Wednesday, April 10, 2024

What Do Shingles Look Like On The Scalp

Can You Get Shingles On Your Head

This is what shingles look like on your face Part 1

Shingles can appear anywhere on your body, and this includes shingles on your head. This is a more apparent outbreak which is harder to hide but that is not the only unique trait of it. Where it manifests is a function of the track of nerve the sleeping pathogen inhabits.

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If it happens to settle along a nerve responsible for sending signals to the legs, outbreaks on your leg are to be expected. If they happen to be on the facial nerve, it should come as no surprise that they appear on the head. Many people experience symptoms of shingles on the head including episodes affected the neck, ears, forehead, nose, chin, or other regions of the face.

What Problems Can Happen

Most cases of shingles heal on their own, with or without treatment, and wont lead to any other problems. In rare cases, shingles can lead to complications, including:

  • Ongoing pain : Damaged nerve fibers in the skin send confused messages to the brain, leading to pain. Pain can go on for a long time after the shingles rash is gone. This is the most common shingles complication.
  • Vision problems: Shingles near or in an eye can lead to vision loss.
  • Skin infections: A shingles rash can become infected with bacteria, leading to impetigo or cellulitis.
  • Nervous system problems: Shingles on the face can involve different nerves that connect to the brain. This can lead to nerve-related problems such as facial paralysis, hearing problems, and problems with balance. In very rare cases, shingles can lead to encephalitis .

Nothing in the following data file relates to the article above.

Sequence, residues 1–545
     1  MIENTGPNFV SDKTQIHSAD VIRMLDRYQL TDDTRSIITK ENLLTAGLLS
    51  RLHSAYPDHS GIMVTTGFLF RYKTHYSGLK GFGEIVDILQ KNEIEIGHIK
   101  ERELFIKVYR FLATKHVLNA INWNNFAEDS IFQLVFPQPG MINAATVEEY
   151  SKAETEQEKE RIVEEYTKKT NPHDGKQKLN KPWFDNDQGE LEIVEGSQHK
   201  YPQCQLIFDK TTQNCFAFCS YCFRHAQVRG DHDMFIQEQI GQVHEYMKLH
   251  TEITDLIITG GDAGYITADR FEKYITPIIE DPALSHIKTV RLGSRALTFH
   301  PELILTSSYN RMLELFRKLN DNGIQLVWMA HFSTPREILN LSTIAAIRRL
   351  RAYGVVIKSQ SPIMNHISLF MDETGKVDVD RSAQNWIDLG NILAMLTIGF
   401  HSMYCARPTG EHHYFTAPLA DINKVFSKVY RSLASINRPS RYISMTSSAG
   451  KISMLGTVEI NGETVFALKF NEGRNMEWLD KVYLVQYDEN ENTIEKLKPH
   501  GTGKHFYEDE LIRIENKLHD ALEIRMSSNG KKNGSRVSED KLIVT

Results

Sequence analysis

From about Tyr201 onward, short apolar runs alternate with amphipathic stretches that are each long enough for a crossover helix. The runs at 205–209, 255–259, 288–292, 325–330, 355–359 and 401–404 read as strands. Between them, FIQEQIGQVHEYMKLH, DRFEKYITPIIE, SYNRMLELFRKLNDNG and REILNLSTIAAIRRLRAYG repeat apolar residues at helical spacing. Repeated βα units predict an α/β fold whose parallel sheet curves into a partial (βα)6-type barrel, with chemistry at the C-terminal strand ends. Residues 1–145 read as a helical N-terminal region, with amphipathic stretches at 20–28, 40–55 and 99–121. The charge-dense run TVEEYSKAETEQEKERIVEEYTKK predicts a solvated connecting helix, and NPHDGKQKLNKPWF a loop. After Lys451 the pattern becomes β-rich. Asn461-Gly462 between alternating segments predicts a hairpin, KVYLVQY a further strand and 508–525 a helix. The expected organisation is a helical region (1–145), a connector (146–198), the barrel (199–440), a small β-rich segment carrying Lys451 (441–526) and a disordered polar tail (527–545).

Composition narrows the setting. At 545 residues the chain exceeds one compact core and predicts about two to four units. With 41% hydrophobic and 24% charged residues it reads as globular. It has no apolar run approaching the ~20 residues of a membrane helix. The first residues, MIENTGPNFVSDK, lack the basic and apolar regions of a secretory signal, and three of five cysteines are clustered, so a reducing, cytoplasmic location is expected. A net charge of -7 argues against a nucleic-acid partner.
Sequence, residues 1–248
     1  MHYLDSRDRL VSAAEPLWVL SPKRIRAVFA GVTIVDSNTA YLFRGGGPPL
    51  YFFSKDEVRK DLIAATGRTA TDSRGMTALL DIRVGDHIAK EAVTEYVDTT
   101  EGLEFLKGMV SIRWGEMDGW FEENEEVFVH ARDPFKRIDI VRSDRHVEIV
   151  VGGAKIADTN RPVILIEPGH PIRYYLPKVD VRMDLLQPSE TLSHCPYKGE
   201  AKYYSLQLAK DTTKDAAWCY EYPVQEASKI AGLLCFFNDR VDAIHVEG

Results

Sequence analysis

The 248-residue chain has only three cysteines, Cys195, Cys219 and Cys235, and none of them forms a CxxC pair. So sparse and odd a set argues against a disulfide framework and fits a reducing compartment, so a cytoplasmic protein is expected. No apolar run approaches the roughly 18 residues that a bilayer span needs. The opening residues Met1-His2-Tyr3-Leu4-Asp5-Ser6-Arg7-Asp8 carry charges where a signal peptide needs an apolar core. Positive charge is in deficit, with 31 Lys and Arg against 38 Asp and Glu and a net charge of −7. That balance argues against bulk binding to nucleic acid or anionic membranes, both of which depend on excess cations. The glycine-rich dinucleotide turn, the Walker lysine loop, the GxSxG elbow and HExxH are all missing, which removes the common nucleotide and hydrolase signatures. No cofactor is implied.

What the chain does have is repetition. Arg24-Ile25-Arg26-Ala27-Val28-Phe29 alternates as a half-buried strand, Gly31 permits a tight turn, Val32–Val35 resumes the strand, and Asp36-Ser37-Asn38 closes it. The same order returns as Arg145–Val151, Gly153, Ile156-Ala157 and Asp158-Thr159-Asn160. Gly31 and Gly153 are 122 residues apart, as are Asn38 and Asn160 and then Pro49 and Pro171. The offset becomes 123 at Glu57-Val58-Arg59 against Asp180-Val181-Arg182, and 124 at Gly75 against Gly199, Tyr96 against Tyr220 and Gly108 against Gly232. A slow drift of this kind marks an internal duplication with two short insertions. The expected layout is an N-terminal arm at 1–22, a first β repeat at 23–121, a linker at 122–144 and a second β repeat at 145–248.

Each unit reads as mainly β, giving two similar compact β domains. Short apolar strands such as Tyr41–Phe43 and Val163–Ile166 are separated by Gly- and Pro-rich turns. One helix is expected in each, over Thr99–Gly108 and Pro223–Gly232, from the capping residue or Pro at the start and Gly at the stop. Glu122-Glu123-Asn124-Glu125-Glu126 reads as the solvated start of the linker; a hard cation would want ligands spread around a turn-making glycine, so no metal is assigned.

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The Most Important Tip For Shingles

I know that this is a lot of information so give yourself time to take it all in. Perhaps, more importantly take this one piece of advice: RELAX. Shingles is usually brought on by stress in your life. While I didnt think I had a lot of stress , when I listed everything on my plate its easy to see how my body was overburdened.

The biggest lesson learned through this process is how important it is to really, truly support your body. People often mentioned how lucky I was to be able to have a job that works from home, but when youre sick its easy to just reach for your phone in bed or work on a project while recovering on the couch. The boundaries are less clear. Though I did the bare minimum I needed to do, I mostly took a lot of time to rest, nap, journal, watch TV and essentially do nothing.

I would have loved to have gone on walks or been outside but the pain of the wind on my face made it impossible. I was upset over this but C reminded me that compassion is a big part of the recovery process. So even though I felt stir crazy, I also knew that going outside actually created more stress in my life. Acknowledging those stressors and putting in plans of action to eliminate or diffuse them is the key to getting over shingles.

* * * * *

Overall I can tell Im drastically improved from where I was and also have learned one of lifes most important lessons: STRESS IS REAL and it can manifest physically, so dont ignore it!

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When Should I Get The Shingles Vaccine

The current shingles vaccine is a safe, easy, and more effective way to prevent shingles than the previous vaccine. In fact, it is over 90% effective at preventing shingles. Most adults age 50 and older should get vaccinated with the shingles vaccine, which is given in two doses. You can get the shingles vaccine at your doctors office and at some pharmacies.

You should get the shingles vaccine if you:

  • Have already had chickenpox, the chickenpox vaccine, or shingles
  • Received the prior shingles vaccine called Zostavax
  • Dont remember having had chickenpox

Medicare Part D and private health insurance plans may cover some or all of the cost. Check with Medicare or your health plan to find out if it is covered.

You should not get vaccinated if you:

  • Currently have shingles
  • Are sick or have a fever
  • Had an allergic reaction to a previous dose of the shingles vaccine

If you are unsure about the above criteria or have other health concerns, talk with your doctor before getting the vaccine.